In Romeo and Juliet, what is the purpose of Romeo's line to Balthasar in Act 5 Scene 3 lines 30 - 32?:"But chiefly to take thence from her dead finger/A precious ring - a ring that I must use/In dear employment."
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It is very important to remember the context of these lines. Romeo is approaching the tomb where Juliet's body is placed with the intention of killing himself. However he is with his servant, Balthasar, who is obviously not going to let his master do what he intends. Therefore he needs to come up with a plausible excuse in order to deceive Balthasar and try to convince him that he is not going to do any harm to himself. This is why he tries to give a reason for his actions:
Why I descend into this bed of death,
Is partly to behold my lady's face;
But chiefly to take thence from her dead finger
A precious ring, a ring that I must use
In dear employment.
The ring is therefore not real, but merely a smokescreen to try and disguise his true intentions from his servant. The truth of this is further established in the following lines where Romeo in a rather frenzied fashion promises to "tear thee joint from joint" if Balthasar does not go. This is hardly the promise of a reasoning individual, and indicates that Romeo has some darker purpose, as Balthasar successfully intuits. Romeo is playing to an audience here, and trying to prevent Balthasar from either alerting anybody to his plans or stopping him from killing himself.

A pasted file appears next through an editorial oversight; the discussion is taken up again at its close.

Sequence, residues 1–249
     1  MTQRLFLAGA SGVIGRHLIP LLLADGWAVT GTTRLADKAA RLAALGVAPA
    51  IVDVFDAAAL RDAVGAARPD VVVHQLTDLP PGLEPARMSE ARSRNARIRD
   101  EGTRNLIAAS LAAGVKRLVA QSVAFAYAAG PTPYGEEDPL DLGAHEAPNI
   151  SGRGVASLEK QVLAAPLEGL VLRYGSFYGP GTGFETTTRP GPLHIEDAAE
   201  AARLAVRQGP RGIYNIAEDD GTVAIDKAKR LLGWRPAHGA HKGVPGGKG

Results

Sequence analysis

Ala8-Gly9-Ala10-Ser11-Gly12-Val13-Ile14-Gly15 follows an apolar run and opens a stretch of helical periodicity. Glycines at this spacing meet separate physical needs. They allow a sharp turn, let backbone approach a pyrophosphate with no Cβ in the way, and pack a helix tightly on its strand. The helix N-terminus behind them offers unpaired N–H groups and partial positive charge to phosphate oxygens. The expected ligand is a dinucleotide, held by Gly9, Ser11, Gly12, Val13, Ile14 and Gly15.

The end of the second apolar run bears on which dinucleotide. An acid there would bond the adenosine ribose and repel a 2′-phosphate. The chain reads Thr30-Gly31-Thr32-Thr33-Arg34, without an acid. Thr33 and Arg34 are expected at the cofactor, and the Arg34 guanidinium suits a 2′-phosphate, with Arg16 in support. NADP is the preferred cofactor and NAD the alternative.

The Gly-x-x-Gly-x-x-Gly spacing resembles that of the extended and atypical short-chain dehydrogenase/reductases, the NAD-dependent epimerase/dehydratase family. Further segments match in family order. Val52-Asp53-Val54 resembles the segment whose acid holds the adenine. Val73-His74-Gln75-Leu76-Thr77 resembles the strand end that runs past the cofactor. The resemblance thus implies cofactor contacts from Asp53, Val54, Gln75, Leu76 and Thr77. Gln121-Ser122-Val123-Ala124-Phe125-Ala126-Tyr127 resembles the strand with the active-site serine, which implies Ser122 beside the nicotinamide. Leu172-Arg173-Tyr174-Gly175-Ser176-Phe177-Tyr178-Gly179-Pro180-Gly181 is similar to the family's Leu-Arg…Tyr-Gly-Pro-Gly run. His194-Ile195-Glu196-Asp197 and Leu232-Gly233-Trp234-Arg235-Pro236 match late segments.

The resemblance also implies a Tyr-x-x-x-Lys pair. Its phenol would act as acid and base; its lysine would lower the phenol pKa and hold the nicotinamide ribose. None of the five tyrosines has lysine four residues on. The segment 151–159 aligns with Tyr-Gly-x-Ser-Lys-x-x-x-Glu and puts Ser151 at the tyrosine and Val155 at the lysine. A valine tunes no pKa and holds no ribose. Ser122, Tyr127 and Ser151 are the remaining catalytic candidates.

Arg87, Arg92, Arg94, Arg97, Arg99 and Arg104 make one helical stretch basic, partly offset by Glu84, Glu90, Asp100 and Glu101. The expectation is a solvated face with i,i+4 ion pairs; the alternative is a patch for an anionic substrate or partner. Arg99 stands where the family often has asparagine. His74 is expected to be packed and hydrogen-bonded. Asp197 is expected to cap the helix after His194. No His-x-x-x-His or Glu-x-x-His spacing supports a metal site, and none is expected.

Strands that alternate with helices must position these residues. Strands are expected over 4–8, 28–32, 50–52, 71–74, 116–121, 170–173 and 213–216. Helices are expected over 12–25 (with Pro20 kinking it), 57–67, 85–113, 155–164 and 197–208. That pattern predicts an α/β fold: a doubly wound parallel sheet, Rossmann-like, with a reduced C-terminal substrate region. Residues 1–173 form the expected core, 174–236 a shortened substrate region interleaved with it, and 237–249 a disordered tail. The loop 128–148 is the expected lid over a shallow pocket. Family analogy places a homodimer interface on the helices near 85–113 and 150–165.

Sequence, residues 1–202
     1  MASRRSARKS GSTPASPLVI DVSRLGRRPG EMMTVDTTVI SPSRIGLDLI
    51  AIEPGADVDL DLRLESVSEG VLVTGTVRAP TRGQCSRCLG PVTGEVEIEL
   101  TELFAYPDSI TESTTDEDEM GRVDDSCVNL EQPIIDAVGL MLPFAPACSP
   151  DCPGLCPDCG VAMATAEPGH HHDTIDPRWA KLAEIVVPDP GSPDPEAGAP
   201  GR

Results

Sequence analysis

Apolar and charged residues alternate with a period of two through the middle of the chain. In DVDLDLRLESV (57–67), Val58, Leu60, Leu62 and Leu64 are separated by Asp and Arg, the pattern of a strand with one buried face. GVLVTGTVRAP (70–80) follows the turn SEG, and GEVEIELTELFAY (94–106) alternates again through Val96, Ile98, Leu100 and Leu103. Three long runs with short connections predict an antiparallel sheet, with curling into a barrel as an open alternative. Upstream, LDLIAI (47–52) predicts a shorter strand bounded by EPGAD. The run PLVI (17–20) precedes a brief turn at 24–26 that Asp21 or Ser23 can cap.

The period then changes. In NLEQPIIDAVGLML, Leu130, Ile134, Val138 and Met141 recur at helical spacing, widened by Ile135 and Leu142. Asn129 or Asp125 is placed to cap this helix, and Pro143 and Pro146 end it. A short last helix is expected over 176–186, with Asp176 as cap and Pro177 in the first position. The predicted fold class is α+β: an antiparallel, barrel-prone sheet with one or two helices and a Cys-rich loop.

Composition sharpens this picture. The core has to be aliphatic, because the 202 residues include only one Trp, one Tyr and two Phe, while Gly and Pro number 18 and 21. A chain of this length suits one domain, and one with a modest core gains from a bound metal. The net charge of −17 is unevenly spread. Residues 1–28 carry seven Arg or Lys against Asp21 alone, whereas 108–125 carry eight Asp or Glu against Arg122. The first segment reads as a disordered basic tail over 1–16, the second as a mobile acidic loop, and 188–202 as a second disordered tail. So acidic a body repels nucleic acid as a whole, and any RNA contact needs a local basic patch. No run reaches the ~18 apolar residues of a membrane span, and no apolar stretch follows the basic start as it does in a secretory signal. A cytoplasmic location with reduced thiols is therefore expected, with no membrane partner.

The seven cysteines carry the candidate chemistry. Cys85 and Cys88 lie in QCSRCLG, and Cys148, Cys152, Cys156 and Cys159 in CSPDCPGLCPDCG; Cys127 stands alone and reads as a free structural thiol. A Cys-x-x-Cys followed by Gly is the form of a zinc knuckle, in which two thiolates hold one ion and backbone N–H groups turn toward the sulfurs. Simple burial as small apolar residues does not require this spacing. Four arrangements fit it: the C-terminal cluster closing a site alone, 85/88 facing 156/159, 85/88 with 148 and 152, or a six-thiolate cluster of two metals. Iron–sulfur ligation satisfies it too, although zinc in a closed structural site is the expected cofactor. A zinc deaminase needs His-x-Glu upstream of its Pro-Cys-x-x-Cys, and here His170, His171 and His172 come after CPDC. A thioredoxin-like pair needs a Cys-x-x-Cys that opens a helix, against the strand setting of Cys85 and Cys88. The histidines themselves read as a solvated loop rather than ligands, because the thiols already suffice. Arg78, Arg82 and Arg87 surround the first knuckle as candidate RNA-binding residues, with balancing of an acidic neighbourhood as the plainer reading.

In Act V, Scene 3, Romeo has procured poison from the apothecary and with Balthasar he approaches the tomb of Juliet. But, he instructs Balthasar to wait outside the tomb for him and lie under a nearby yew tree and listen for the approach of anyone. If someone comes, Balthasar is told to whistle to Romeo.
As his reason for entering the tomb of Juliet, Romeo tells him that there is a ring on Juliet's finger which he must remove; this ring is Juliet's wedding ring since Romeo may wish to hide from the Capulets the fact that he and Juliet were married, although it seems improbable that Lady Capulet and her husband or their servants did not notice this ring when they prepared her for the tomb or as she was buried. Thus, it seems more likely that Romeo simply wishes to keep Balthasar at a distance so that his servant will not suspect him of wishing to commit suicide and prevent him from doing so.
The time and my intents are savage-wild,
More fierce and more inexorable far
Than empty tigers or the roaring sea. (5.3.47-50)
There is certainly a sense of fate in Romeo who warns his servant that he is not to enter Juliet's tomb. By removing Juliet's ring, Romeo sets her spirit free: "A ring that I must use in dear employment..."
Furthermore, he does wish to have Balthasar stand guard lest anyone else come along and discover that he has entered the tomb illegallly, for he would be subject to severe punishment if caught. (Remember that Friar Laurence runs quickly when he hears the approach of the guards for this same reason.)
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